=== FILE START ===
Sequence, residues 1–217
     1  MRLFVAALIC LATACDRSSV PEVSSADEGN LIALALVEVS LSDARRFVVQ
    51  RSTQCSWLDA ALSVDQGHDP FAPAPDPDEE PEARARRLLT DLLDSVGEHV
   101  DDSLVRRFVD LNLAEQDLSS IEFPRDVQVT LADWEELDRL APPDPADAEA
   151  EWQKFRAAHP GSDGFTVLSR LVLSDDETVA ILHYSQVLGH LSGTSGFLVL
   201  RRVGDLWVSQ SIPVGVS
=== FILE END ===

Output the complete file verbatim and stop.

Sequence, residues 1–217
     1  MRLFVAALIC LATACDRSSV PEVSSADEGN LIALALVEVS LSDARRFVVQ
    51  RSTQCSWLDA ALSVDQGHDP FAPAPDPDEE PEARARRLLT DLLDSVGEHV
   101  DDSLVRRFVD LNLAEQDLSS IEFPRDVQVT LADWEELDRL APPDPADAEA
   151  EWQKFRAAHP GSDGFTVLSR LVLSDDETVA ILHYSQVLGH LSGTSGFLVL
   201  RRVGDLWVSQ SIPVGVS